Finding information quickly is the core foundation of the "know nothing" strategy. Obviously there are countless methods to improve your ability to find "things" on the Internet. But there are a few that are incredibly crucial.
Learn How to Use Google
Most people use Google every single day never touch any of its advanced features. Did you know you can use the wildcard
* character in Google search? What about basic Boolean operators liked
NOT? There are seriously hundreds of ways to improve your ability to search. Google is the root node in our findability graph, so you should do everything you can to increase your accuracy.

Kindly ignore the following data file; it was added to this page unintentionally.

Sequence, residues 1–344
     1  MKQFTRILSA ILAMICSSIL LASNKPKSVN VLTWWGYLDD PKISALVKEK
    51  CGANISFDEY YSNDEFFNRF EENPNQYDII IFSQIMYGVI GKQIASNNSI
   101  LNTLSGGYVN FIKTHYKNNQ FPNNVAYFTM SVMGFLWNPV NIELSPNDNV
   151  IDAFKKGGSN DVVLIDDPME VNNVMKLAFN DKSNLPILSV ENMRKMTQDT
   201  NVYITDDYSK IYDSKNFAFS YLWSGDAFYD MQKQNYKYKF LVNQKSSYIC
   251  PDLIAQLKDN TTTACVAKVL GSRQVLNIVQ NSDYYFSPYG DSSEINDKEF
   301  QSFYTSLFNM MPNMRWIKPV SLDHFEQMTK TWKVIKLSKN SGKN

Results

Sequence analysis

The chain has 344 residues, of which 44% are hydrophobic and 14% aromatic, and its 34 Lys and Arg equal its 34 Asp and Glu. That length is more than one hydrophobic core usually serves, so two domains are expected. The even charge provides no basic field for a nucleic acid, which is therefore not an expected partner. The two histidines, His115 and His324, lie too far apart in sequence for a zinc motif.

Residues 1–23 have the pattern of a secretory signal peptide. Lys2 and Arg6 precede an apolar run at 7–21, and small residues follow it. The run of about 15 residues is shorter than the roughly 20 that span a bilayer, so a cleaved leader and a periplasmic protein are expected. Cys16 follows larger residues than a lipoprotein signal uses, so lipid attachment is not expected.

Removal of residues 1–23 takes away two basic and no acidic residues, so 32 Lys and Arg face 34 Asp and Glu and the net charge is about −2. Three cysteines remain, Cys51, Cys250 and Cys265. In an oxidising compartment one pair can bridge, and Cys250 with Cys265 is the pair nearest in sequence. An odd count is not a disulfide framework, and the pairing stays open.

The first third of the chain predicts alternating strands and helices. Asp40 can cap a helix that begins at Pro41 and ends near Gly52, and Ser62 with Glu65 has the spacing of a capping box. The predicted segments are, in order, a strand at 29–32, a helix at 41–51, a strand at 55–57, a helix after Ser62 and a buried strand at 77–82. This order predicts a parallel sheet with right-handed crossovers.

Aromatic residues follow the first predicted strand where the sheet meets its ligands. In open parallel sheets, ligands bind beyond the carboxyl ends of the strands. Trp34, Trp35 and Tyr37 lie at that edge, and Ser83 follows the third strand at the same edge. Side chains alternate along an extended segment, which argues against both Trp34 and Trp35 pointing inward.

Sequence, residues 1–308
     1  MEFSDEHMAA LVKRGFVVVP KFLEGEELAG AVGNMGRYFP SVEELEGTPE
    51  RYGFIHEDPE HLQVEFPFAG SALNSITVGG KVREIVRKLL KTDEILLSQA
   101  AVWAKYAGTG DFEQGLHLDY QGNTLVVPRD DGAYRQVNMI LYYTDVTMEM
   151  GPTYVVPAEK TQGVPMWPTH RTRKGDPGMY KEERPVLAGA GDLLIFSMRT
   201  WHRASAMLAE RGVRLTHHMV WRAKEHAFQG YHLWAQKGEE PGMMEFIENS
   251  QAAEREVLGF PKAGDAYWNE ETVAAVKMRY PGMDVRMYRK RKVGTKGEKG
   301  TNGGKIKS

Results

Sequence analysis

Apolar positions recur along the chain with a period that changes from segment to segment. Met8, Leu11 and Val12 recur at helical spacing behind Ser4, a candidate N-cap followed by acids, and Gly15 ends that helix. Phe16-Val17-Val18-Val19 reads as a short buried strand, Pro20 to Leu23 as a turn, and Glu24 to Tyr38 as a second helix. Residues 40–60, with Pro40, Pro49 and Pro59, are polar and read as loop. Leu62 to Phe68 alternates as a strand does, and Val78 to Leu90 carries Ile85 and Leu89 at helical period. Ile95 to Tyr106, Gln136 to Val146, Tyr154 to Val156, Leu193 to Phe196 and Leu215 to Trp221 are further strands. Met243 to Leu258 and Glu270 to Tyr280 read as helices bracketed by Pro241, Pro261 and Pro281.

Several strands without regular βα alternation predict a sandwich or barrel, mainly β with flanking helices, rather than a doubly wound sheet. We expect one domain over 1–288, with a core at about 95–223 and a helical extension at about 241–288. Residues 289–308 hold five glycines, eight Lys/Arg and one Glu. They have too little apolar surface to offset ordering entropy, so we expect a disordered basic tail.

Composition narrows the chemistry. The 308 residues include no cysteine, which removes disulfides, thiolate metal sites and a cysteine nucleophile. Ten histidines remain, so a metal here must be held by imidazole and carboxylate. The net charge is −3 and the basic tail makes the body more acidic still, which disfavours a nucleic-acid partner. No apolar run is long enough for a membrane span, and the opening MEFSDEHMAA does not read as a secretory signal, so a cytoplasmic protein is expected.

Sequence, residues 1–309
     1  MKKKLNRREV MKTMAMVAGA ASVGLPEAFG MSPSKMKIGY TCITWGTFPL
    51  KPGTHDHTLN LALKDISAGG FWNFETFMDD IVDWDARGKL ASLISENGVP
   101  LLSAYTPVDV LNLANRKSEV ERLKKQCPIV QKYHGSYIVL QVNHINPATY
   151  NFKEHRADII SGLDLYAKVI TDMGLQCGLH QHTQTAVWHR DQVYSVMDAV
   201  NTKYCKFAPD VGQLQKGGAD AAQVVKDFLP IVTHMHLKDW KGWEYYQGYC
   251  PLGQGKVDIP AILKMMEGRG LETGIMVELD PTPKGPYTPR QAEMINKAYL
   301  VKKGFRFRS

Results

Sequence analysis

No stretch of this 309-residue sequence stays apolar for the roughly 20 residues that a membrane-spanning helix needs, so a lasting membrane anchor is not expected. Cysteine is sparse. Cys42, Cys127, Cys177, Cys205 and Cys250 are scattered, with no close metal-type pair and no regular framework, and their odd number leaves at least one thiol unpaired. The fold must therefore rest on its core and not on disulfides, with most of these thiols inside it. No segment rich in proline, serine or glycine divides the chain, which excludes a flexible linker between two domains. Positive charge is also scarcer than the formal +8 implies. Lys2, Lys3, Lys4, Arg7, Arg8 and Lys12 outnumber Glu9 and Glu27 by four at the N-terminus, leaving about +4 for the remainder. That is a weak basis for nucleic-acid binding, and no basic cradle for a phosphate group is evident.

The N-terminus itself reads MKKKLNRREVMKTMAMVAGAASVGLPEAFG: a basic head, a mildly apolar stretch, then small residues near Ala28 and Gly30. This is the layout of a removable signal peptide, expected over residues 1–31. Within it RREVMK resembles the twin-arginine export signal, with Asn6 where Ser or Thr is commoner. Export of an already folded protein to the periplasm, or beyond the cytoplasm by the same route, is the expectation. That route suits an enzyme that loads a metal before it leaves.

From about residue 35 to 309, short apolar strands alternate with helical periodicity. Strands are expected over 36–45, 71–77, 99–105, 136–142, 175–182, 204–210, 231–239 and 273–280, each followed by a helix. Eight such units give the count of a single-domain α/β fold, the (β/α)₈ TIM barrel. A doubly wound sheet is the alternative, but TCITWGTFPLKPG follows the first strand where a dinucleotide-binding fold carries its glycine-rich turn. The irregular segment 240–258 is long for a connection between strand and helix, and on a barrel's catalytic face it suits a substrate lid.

Update: Eugene made a great point about tailoring your search to your current understanding! It's spot on.
Learn to See Through Bullshit
People constantly lie on the Internet. Gasp! Most of the time they lie very poorly, sometimes they lie decently, and very rarely they lie well. You don't care about identifying good liars, there are too few and your chances are too low. Instead filter out the 99%, by learning common logical fallacies and erroneous arguments. It's important to understand that a poorly structured argument that you agree with, is just as dangerous as one you don't agree with. The number one enemy of "know nothing" is disinformation.
Optimize for a Specific Source